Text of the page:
Culture Counts | #MyFridayStory No. 38

Culture Counts | #MyFridayStory No. 38

Every company has a culture, whether they like it or not.

For most small businesses, the company culture stems from the founders of the business. This is common due to most start-ups, or mom’s and pop’s type operations, employing mostly close friends and family, or friends of family, in the early stages of the business. These folk, hired from the same circle, form a culture that mimics those influential early employees. This culture is usually positive and everyone is full of promise for the future.

To be clear, company culture can take on many forms. A culture of innovation could be what drives a start-up forward, or a culture of professionalism for a law firm, or a high-energy culture for a young digital agency. And, there are bad culture’s like a patriarchal culture, or cultures that are too-highly driven to the extent of being unhealthy, or a culture of mediocrity. There are certainly different cultures across different industries, for example, across the motor-repair industry, there will tend to be similar cultures to others in the industry. Similarly, the culture at places of higher education, will have elements in common with other education establishments.

When a positive culture is nurtured and embraced within an organisation, when it forms part of their DNA, there is little doubt of the immense benefits it can deliver. Actively working at, and maintaining, a great company culture, breeds a sense of purpose into employees, where they feel engaged, and that their contribution is valuable to the organisation. Besides having more engaged, happy, inspired and effective employees, research shows absenteeism declines in companies that display a positive culture. Productivity among disengaged employees in the United States costs companies $300 Billion a year.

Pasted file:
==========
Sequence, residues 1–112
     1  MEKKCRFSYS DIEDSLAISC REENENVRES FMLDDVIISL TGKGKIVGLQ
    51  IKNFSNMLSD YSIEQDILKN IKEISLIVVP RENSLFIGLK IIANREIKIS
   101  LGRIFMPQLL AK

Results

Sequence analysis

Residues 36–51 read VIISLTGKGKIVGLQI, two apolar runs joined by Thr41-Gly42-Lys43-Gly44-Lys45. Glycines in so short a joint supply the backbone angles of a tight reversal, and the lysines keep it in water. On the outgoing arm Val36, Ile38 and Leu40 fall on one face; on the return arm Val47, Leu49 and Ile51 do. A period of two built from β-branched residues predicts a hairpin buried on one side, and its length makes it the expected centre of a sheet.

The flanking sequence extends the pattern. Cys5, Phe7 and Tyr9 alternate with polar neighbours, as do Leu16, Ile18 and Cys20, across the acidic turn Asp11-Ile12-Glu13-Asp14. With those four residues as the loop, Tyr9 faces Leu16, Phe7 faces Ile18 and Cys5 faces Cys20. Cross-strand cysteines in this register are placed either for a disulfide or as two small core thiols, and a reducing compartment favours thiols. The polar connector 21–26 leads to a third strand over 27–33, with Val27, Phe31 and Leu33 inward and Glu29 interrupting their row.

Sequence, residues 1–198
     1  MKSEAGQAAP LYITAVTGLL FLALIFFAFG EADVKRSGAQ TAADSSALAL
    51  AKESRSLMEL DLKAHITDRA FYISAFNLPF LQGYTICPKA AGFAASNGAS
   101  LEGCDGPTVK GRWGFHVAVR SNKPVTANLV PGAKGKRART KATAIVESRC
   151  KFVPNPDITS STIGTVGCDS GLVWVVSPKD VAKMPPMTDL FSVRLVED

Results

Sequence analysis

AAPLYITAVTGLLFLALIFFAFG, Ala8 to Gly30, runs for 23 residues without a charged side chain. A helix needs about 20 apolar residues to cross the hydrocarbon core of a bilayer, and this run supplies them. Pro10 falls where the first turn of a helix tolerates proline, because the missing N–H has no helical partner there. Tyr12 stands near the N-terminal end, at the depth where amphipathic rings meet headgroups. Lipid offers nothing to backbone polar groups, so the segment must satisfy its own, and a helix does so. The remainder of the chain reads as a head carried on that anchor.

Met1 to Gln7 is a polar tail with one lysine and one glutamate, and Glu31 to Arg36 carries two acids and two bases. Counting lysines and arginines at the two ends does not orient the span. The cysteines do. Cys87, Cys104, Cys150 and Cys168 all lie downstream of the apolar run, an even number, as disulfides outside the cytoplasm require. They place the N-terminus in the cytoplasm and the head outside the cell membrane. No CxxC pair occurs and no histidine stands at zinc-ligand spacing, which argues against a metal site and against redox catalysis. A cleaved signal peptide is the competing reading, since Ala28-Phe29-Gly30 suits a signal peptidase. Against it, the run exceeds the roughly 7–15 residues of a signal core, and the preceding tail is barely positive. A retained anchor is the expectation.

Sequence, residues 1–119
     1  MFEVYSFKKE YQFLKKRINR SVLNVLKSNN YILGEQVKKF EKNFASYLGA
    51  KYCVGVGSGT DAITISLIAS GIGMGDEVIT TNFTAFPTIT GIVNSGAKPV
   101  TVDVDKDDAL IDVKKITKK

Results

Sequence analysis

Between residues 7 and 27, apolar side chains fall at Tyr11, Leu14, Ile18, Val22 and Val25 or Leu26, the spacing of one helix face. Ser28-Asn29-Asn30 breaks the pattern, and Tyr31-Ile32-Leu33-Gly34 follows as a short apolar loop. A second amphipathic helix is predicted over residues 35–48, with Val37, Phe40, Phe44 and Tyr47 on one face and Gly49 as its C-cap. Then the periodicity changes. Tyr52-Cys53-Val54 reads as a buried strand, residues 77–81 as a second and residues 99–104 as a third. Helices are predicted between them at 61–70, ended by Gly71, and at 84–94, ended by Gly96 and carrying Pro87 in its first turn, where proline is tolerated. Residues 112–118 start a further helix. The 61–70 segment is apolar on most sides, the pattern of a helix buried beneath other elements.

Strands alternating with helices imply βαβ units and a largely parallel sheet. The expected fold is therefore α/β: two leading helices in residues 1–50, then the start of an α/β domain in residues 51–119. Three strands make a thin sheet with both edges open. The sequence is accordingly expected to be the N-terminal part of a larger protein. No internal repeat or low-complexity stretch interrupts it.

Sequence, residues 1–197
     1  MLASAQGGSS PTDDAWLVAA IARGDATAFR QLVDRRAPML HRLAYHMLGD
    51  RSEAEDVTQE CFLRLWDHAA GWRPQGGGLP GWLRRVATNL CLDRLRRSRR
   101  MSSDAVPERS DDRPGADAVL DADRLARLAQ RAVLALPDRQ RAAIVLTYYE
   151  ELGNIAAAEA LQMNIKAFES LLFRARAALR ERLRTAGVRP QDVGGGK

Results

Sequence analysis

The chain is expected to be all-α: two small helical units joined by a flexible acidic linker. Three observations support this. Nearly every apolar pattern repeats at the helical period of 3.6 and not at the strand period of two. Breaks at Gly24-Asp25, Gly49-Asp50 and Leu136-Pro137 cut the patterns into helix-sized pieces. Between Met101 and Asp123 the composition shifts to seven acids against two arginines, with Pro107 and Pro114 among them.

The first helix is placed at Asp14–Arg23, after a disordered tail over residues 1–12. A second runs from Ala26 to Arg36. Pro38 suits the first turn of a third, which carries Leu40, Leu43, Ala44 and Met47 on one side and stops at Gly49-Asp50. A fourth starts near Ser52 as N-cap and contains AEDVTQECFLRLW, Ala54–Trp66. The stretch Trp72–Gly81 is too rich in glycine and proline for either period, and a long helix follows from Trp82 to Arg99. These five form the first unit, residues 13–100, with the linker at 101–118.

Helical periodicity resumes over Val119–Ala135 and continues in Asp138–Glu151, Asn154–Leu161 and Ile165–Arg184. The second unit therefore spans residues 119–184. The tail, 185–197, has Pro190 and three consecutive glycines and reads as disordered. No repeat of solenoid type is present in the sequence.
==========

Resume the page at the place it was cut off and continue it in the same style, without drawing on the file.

According to professors Edward Deci and Richard Ryan from the University of Rochester, there are six main reasonswhy people work. The study has been updated by Lindsay McGregor and Neel Doshi for a more modern workplace as outlined in an HBR article titled How Company Culture Shapes Employee Motivation. 

The first three have a positive effect on company culture:

  • Play – This happens when you have fun doing what you do. You find joy in every aspect and motivation comes from doing the work itself.
  • Purpose – When the work strikes a chord with your own identity and is fulfilling.
  • Potential – When the work enhances your marketability for the future.

The other three negatively affect company culture:

  • Emotional pressure – The fear of failure or the disapproval of others drives your motivation to work.
  • Economic pressure – You work purely for the reward. This is external from the work itself and is based on fear of financial failure.
  • Inertia – You work because that’s what you did yesterday. It’s like when someone is on autopilot and going through the motions. If you asked them why they do what they do, they can’t tell you.

In high-performance cultures, playpurpose and potential were most prevalent characteristics displayed by the organisation’s employees. The last three – emotional pressureeconomic pressure and inertia – were suppressed. Higher customer satisfaction scores are correlated to workplaces with a strong culture. Higher customer satisfaction scores can also be linked to improved company revenue.

As a leader, if you are leaving your company’s culture to chance, and not actively working at it to ensure it supports the purpose of the organisation, you are missing a great opportunity to differentiate yourself.

As the great Peter Drucker once said:

“Culture eats strategy for breakfast!”

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